Hans Matheson

Hans Matheson

Hans Matheson returns to the big screen this week as he leads an all-star cast in festive film The Christmas Candle: which is based on the book of the same name by Max Lucado.

We caught up with Matheson to chat about the film, what drew him to the character and his career so far. 

- The Christmas Candle will be hitting the big screen next week, so can you tell me a little bit about the film?

I take on the role of David Richmond, the reverend, and he has formed this anger towards God, because he lost his wife and hic child tragically. Before that, he had a firm belief and a faith and in God and miracles but that event made him a little bit cynical and doubting of what he once believed.

He forms this anger towards go and, in some ways, he believes through good works and proving to others and getting them to follow his way of thinking, he will somehow get closer to God; it is almost like a competition. If anyone stands in opposition to that, they almost become a target for his anger. What this anger does is it imprisons him I think.

It keeps him from seeing the miracle of the universe and he is left with only his limited perception. He has been fighting himself through the reflection of others. However, it is all very innocent and he doesn’t really mean to do it.

What is wonderful is that there is redemption in the end, in which he sees that all the times he thought good works would lead somewhere, providence was at work the whole time. The miracle of life is the unknown.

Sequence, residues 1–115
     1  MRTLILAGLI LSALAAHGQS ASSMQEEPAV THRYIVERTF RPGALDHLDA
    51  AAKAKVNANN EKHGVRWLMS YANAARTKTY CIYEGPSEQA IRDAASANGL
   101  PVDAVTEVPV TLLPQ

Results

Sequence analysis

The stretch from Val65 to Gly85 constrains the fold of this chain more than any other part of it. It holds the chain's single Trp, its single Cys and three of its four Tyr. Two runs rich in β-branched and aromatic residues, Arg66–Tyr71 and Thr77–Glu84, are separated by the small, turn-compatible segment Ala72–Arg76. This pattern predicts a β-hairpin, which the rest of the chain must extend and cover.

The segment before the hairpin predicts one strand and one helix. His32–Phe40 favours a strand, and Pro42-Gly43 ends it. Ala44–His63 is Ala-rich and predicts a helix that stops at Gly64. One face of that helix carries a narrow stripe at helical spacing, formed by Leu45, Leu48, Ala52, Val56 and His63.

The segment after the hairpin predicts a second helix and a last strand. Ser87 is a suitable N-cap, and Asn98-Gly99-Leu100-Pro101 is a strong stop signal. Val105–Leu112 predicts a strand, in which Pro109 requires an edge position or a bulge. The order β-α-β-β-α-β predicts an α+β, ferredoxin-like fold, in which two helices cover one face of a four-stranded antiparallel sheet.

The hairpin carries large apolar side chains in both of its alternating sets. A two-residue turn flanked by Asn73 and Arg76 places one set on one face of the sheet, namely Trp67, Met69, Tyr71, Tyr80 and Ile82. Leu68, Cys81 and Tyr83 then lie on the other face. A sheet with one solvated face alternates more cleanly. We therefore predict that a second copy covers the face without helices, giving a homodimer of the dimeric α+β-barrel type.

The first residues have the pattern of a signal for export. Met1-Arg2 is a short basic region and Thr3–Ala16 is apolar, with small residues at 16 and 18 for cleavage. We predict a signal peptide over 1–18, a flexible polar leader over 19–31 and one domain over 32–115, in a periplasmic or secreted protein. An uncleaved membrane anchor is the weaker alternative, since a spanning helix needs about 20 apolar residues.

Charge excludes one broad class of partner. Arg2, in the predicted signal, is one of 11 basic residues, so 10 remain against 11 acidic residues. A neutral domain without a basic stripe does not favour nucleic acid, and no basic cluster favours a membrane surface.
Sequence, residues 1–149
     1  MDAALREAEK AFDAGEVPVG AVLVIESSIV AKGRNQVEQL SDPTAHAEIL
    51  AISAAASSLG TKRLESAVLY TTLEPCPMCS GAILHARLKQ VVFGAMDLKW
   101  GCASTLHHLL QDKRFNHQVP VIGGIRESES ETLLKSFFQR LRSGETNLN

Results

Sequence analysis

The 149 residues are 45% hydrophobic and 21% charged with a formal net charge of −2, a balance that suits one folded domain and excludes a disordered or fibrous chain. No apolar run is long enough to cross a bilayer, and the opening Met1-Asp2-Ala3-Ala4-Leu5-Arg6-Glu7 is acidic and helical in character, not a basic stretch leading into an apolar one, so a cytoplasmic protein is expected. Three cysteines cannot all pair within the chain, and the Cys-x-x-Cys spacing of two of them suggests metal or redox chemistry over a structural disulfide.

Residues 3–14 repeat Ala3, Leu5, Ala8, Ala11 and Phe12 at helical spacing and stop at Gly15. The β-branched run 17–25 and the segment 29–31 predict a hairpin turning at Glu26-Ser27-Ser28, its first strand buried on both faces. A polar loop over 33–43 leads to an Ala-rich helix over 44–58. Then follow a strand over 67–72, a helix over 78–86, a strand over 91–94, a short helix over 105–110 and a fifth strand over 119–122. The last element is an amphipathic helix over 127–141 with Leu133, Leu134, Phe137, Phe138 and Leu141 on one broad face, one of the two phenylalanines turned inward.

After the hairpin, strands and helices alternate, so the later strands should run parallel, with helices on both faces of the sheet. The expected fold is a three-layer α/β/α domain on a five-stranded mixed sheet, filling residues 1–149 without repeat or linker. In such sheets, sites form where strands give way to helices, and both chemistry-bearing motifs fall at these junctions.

That is not just a Christian thing because if you watch Brian Cox and his science programmes, it is the wonder of the universe and just sitting back and thinking ‘goodness me, I thought I was in control’. There is just a miracle of being alive in this world.

- You take on the role of David Richmond in the film so what was it about this character and the script that really appealed to you?

It was just this idea of authority. He is a vicar, has studied theology, and is in a position where he is preaching to others. However, it is this humbleness where he realises that there is so much more for him to learn. Maybe people in authority seem to have all of the answers, but they really don’t; that is wonderful because nobody has all of the answers.

Sometimes when people are in that position they are looked upon by others as having the answers, when actually no one has the answers and we are all in this game together. Who knows what is going to happen.

It is also seeing that the darkness is also the light, as it wakes you up out of your limited perception of your dream world into the bigger picture. Any bad things that seem to happen actually end up being good in hindsight. Nothing is really good or bad, and that is really what drew me to the character and the story.

- The film is based on the novel of the same name by Max Lucado how familiar were you with the book? How useful was the novel as you were developing this character - he is quite a complex chap?

Yes, he is a complex chap isn’t he? I read the book afterwards, as I didn’t have any idea about it before. I read the script; I think that the script is slightly different but it does have the same moral and it has the same story to tell.